That’s the first story of horror. The second one is the same setup, but the tribal elder says, ‘Let me tell you where the evil is - the evil is here,’ and he points to himself. And he says, ‘It’s in the human heart.’ That’s a harder story to tell - that we are all part evil, monsters and devils - because the audience is always going to respond to the ‘other.’ It unifies us as a tribe - that’s the way we are designed. We see things in order to find where the predator comes from; it’s survival instinct over all the time we have evolved. So a lot of this is unconscious in a way. We’re driven by it, and our parents reinforce it, our religion reinforces it – ‘Watch out!’ Watch out for those predators, because they are all around.”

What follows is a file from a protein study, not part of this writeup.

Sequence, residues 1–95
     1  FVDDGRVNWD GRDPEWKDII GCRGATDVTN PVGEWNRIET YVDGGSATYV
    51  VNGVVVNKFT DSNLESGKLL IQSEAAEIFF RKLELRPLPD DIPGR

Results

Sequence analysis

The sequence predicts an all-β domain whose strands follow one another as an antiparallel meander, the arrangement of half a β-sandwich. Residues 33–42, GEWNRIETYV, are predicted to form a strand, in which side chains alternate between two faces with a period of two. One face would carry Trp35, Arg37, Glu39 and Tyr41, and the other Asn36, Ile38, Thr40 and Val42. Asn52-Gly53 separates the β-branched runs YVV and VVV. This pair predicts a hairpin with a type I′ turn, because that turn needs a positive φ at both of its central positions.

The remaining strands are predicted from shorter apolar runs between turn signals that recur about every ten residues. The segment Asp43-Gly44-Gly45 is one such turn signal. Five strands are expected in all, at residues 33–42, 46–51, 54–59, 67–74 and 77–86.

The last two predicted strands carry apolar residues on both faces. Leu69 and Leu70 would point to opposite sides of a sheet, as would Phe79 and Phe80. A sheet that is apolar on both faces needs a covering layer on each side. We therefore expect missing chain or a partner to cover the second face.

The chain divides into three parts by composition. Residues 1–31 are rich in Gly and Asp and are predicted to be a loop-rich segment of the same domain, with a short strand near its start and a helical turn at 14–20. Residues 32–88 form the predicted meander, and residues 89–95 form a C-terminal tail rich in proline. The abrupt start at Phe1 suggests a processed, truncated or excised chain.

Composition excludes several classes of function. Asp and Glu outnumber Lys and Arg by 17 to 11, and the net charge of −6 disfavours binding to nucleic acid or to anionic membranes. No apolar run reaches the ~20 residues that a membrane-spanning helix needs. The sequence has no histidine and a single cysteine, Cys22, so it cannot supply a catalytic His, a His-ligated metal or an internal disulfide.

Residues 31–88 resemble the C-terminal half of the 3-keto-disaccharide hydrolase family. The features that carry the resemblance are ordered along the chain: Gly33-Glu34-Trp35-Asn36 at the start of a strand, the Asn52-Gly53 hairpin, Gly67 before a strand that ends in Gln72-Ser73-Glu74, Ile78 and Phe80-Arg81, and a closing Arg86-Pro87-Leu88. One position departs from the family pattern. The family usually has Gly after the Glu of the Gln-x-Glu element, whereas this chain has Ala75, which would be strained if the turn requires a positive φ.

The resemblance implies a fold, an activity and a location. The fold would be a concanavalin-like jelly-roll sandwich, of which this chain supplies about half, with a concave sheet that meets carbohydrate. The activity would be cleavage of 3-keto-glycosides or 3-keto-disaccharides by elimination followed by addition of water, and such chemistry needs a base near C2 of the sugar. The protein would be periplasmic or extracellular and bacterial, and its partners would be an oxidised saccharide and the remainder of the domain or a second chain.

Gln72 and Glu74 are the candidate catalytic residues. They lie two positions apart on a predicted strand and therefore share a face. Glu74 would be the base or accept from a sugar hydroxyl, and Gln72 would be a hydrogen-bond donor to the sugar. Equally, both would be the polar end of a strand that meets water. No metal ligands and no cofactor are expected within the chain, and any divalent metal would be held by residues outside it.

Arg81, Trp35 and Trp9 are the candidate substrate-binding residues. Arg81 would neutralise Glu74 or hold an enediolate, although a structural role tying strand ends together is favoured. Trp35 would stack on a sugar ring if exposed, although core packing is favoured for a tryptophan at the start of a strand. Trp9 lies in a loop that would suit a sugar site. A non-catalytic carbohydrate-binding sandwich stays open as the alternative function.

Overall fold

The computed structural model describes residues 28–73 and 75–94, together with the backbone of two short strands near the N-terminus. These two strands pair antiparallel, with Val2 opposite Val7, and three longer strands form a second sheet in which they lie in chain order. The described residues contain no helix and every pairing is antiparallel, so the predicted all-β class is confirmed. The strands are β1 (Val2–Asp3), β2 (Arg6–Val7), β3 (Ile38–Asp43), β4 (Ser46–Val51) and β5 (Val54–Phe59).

- John Carpenter : 29:35 minutes
Next Week's To Do List -
- Return to asset modelling and create some objects to fill in the new areas.
- Possible models -
- Possible models -
- Learn how to add interactive elements to game using blueprints.
- Possible areas for interactivity
- Possible areas for interactivity
- Find and watch more horror documentaries.
Oh! I also created an IndieDB page for my game. I don't think I'll be updating it that regularly but it was fun to create and makes me feel like I'm making a real game. If you have a game on it let me know as I'm looking for good stuff to follow! You can check out my page here - http://www.indiedb.com/games/last-solus